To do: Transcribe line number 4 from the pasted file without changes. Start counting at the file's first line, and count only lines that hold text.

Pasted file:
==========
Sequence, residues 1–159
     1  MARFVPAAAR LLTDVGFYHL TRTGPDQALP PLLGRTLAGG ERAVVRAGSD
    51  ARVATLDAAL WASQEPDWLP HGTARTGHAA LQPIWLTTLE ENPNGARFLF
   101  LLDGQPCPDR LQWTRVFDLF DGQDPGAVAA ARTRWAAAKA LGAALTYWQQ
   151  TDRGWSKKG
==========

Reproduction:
   101  LLDGQPCPDR LQWTRVFDLF DGQDPGAVAA ARTRWAAAKA LGAALTYWQQ